The

Ten octave, 1024 vibrations per second; metal disk, twenty inches in diameter, one inch thick. To get the cubical contents of this vibrating aggregate it is necessary to square the diameter; we multiply by 0.7854, which is equal to 314.16 inches in volume. Starting from this point, we progress through successive octaves upward, increasing in pitch and diminishing in size. Keely, Dashed Against the Rock

See Also

**law of linear dimensions**may be thus stated: The vibration-periods of two similarly circumstanced homologous bodies are to each other as their cubical contents, and therefore the vibration-frequencies of homologous metal plates are to each other as the inverse ratio of their linear dimensions. The octave of a given plate will be a homologous plate having 1/8 of its volume. A circular disk twenty inches in diameter and one inch thick vibrates, e.g., 1024 times per second. The ten octaves from unity successively reducing the size of the disk by 1/8, we get at each reduction the octave of the previous pitch, and at any given octave we have the volume, weight, and vibration-frequency of the vibrating atomic substance.Ten octave, 1024 vibrations per second; metal disk, twenty inches in diameter, one inch thick. To get the cubical contents of this vibrating aggregate it is necessary to square the diameter; we multiply by 0.7854, which is equal to 314.16 inches in volume. Starting from this point, we progress through successive octaves upward, increasing in pitch and diminishing in size. Keely, Dashed Against the Rock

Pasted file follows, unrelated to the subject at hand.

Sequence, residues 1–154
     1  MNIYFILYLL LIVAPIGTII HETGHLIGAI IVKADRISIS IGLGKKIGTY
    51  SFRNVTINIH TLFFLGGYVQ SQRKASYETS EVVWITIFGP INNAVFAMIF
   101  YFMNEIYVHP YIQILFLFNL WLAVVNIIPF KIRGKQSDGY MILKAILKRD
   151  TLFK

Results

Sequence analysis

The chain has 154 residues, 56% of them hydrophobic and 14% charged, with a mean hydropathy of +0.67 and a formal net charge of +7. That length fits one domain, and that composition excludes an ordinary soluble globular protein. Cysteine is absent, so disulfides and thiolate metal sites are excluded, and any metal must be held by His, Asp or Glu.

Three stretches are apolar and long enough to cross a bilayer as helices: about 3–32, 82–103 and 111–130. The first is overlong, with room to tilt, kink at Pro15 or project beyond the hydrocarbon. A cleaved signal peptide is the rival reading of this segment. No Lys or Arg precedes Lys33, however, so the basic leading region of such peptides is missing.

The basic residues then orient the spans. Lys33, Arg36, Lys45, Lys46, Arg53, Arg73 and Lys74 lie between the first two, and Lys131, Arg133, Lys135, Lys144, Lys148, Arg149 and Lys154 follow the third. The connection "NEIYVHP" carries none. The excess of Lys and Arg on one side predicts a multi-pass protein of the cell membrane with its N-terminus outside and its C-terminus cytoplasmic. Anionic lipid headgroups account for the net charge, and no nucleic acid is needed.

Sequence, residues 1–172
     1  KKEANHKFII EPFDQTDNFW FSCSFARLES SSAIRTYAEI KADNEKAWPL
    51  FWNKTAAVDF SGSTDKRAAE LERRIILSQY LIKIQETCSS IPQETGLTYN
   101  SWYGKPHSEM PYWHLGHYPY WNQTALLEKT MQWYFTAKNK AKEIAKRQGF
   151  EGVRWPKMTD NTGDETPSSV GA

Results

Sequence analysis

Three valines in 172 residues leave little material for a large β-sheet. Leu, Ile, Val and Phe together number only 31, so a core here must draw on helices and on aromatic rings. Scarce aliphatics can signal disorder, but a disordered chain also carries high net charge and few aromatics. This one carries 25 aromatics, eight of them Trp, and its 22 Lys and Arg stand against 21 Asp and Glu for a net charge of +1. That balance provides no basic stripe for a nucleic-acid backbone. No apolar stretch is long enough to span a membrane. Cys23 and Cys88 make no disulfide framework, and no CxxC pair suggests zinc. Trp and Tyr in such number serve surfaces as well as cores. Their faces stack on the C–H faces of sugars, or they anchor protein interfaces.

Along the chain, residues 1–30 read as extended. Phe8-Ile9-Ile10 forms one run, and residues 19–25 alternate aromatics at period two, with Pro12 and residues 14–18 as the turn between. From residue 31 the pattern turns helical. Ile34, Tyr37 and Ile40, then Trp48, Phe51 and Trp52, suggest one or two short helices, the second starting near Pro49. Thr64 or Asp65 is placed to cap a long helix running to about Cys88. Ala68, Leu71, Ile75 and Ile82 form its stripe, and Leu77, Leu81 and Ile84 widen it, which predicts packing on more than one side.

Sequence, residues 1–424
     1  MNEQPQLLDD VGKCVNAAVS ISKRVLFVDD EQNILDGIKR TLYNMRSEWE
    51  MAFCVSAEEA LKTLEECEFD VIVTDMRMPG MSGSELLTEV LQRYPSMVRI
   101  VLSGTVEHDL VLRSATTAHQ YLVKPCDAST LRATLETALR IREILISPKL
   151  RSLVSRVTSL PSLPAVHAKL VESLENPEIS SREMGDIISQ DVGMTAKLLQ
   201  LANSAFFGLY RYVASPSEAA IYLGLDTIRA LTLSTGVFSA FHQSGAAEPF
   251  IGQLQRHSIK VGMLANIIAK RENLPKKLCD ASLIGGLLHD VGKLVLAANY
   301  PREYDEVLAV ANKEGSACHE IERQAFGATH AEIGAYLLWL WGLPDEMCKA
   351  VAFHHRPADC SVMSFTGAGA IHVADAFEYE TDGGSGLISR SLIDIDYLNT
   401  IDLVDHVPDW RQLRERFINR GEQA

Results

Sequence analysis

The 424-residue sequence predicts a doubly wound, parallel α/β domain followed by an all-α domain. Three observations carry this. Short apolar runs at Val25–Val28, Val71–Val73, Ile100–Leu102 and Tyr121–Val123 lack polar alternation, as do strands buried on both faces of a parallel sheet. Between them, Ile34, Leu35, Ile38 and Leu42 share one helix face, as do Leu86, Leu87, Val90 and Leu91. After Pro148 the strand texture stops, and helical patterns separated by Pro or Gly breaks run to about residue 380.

See Also

**Determination of Size of Atom****Rad-Energy**